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A Rare Breed

February 9, 2011

3not addicted to wine or pugnacious, but gentle, peaceable, free from the love of money. 1 Timothy 3:3

While a man “addicted to wine” has forfeited control of his mind, and a “pugnacious” man loses control of his senses on a hair’s trigger, a man under the control of the Holy Spirit is “gentle, peaceable, free from the love of money.”

Gentle means “seemly, equitable, yielding, mild.” A gentle guy opens the door for someone and lets them pass first. He even sees them coming and almost revels in the privilege of acting as a doorman. He’s the guy who waves a car through in bumper-to-bumper traffic. He won’t take the last piece of cake.

This reminds me of my recent experience in the breakfast line on a cruise ship. It wasn’t like there was a shortage of food ANYWHERE by any means, but a lady behind me became agitated when I hesitated to take the last waffle in the serving pan. Impatiently, she barked out for me to “go on and take it so that I can be served.” Sometimes you want to be “mild” and “yielding” and people won’t let you. This is how rare this trait is!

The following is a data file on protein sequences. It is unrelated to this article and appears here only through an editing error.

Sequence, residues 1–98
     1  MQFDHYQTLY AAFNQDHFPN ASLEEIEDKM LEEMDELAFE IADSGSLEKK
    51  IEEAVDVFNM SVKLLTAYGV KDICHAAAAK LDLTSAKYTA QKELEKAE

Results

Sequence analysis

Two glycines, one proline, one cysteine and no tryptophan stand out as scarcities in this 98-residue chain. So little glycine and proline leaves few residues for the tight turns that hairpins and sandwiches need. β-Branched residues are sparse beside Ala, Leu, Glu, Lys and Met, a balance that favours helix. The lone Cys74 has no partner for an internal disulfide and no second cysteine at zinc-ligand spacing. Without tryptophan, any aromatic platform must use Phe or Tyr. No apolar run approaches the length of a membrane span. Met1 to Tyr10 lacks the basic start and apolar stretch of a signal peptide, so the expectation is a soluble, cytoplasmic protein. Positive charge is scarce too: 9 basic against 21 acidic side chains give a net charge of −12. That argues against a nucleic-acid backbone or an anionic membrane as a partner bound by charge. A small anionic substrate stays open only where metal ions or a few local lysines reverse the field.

A peaceable man won’t throw a punch, but puts his hands palms out in the universal sign of abstention. He wishes to negotiate instead, and “gently” I might add. This guy resides on middle ground if possible.

I heard an interesting story that illustrates the combined qualities of gentleness and peacefulness. A Congresswoman was at a recent state dinner and ordered a glass of wine over her shoulder form an uniformed man she thought to be her waiter. The man dutifully delivered the glass to her table, but turned out not to be her waiter, but a highly decorated four-star general. A proud man doesn’t do this kind of thing.

In the church we want our leaders to “be devoted to one another in brotherly love; [to] give preference to one another in honor… to not think more highly of himself than he ought to think.” (Romans 12:10, 3)

A man free from the love of money neither spends it lavishly nor hoards it miserly. Money is recognized as a root of all sorts of evil (1 Timothy 6:9).

Instead money is wisely used to acquire the necessities of life, to enjoy unique opportunities, and to extend grace with magnanimity.

The writer of Hebrews says in 13:5: “Make sure your character is free from the love of money being content with what you have.” A godly man ready for church leadership is “not fond of sordid gain.” (Titus 1:7)

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